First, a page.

8 books by left-handed authors to celebrate ‘International Left Handers Day’

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Left handers have been mocked and demonised throughout the years, especially from religious people who believe the left hand to be ‘unclean’, or accusing left handers to be ‘consorting with the devil’.

As absurd as those claims may seem now, some of the negativity towards left-handed folk remains to this day. Left handers were still battling in the 20th century against people like American psychoanalyst Abram Blau, who accused all left-handers of being perverts. Even seemingly well-meaning teachers still insist on their student switching hands when they start to learn to write.

If only left handers were just left to be lefties! Some of our favourite writers were left-handed, and it is said that lefties tend to be more creative and arty than right handers.

Here’s a list of 8 of our favourite lefty writers.

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Nobel Prize Winning Author VS Naipaul Dies

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Novelist VS Naipaul has died peacefully at home in London just a few days before his 86th birthday. The Nobel Prize winning author of more than thirty books including A Bend in the River and A House for Mr Biswas was born in rural Trinidad in 1932 and went on to become a key figure in British literary heritage.

Sir VS Naipaul had been in ill health for a while and published his final work, the nonfiction The Masque of Africa: Glimpses of African Belief in 2010. Today the literary world is in shock. Here are some of the tributes on Twitter today.

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Roots Author Alex Haley Talks of the Horrors of Slavery

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Alex Haley (August 11th, 1921 – February 10th, 1992) was an American author, best known for his 1976 Pulitzer Prize winning book Roots: The Saga of an American Family, adapted to a series a year later in 1977.

While a fantastic story, Roots was not without controversy and its release was marred by accusations of plagiarism (proven to be partly true), and doubts cast on the authenticity of the family ties. Today the book is accepted to be a work of fiction, and controversy aside is still a worthy read with an important message.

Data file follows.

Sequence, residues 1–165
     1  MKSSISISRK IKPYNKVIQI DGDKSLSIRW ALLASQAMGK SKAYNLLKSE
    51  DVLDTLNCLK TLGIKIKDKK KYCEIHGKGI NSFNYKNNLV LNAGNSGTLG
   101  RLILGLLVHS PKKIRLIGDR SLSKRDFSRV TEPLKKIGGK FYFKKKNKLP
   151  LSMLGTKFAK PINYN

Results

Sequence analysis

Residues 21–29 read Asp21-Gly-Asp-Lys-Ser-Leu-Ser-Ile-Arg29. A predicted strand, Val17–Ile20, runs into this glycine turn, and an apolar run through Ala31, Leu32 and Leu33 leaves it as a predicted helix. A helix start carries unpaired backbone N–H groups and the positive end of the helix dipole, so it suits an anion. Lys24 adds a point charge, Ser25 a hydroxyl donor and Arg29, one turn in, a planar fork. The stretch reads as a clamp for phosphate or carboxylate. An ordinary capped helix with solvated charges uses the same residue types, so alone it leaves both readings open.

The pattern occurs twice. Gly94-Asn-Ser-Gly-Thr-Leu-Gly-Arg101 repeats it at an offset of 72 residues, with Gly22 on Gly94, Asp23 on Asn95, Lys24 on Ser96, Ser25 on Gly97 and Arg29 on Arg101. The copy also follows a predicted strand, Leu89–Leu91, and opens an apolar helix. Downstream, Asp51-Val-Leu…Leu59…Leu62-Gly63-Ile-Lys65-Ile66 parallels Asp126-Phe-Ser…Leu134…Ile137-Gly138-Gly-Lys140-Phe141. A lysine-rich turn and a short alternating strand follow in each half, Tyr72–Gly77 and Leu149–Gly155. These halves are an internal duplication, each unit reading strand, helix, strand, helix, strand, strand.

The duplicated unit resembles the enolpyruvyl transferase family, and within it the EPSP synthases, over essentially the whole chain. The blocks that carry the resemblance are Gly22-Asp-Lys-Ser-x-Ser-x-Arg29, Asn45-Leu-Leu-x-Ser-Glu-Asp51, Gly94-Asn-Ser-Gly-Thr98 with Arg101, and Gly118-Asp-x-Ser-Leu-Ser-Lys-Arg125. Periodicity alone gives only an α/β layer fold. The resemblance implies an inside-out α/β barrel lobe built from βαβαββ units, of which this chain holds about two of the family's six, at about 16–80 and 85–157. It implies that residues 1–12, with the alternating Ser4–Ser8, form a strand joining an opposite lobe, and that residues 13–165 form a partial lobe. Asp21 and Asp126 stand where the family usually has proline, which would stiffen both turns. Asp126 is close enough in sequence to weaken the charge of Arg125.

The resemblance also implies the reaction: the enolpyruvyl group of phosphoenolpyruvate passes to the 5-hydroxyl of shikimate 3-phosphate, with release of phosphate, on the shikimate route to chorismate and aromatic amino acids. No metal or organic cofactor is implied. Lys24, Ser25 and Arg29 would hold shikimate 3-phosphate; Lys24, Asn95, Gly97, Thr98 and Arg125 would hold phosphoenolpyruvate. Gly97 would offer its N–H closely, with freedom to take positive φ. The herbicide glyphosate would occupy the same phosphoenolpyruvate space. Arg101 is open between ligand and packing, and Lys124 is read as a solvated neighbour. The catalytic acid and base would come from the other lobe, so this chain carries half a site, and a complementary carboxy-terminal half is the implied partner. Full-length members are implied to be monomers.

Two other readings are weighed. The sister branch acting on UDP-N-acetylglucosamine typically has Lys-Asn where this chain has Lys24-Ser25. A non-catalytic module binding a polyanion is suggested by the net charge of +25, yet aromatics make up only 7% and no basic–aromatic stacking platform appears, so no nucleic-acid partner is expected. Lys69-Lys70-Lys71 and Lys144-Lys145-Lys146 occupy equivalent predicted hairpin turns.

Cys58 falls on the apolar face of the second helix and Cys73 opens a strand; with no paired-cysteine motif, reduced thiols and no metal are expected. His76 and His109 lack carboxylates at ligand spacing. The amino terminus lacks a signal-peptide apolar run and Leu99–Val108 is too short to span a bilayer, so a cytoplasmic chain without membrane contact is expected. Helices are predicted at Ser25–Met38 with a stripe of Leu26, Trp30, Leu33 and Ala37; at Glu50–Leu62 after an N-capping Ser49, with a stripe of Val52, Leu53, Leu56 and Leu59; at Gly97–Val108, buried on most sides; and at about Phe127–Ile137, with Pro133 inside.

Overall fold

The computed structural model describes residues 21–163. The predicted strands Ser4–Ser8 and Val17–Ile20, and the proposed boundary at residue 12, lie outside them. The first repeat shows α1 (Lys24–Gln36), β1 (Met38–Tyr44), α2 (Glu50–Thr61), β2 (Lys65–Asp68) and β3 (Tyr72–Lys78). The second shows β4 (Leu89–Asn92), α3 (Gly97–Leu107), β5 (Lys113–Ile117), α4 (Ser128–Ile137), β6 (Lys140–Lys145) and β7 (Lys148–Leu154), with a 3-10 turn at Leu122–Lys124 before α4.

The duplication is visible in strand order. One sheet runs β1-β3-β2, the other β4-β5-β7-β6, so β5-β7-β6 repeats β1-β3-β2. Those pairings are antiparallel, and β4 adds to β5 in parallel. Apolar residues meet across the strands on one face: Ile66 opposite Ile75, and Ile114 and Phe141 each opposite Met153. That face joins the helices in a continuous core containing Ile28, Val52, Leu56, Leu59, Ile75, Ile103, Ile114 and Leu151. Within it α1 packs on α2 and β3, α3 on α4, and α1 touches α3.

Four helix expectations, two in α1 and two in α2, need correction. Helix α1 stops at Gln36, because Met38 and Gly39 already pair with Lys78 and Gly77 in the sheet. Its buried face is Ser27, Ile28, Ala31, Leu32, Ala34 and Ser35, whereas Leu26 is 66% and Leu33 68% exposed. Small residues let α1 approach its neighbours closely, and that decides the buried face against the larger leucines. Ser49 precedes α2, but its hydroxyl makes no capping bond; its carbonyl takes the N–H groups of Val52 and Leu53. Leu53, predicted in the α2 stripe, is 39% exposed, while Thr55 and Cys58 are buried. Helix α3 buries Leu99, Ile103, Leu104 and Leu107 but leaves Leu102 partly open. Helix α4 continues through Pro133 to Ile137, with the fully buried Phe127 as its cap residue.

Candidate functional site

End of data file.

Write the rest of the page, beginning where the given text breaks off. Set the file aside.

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Chinese Crime Writer Who Used His Own Murders as Inspiration for His Stories Sentenced to Death

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Last year, we reported the news that the Chinese crime author Liu Yongbiao had been arrested for the decades old murder of four people he and a friend killed after a robbery went wrong. Following his trial a few days ago, the 53-year-old has been sentenced to death for the murders which occurred 23 years ago.

In 1995, Liu Yongbiao and an accomplice named Wang Mouming robbed a hostel. After being discovered, the two killed a family of three as well as another guest by beating them to death him hammers and clubs in order to cover their tracks. Since the crime, Liu became a famed writer and was even a member of the China Writers’ Association.

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A Story Ernest Hemingway Wrote in 1956 Is to Be Published for the First Time

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Ernest Hemingway is arguably one of the finest authors to have ever put pen to paper, and his given us many modern classics such as A Farewell to Arms, For Whom the Bell Tolls, and The Old Man and the Sea. Fans of Hemingway will be very pleased to learn that, more than 60 years after it was first written, a Hemingway story called A Room at the Garden Side is set to be published for the first time.

For decades, the novel has remained hidden away from scholars and academics, but has finally resurfaced. The story takes place in the Ritz Hotel, Paris, a setting which has appeared in previous Hemingway novels and holds personal significance for the author. The novel is narrated by a character called Robert, who happens to share Hemingway’s own nickname, Papa. Robert and his band of soldiers, who are all due to leave the city the next day, spend their time drinking and debating “the dirty trade of war.”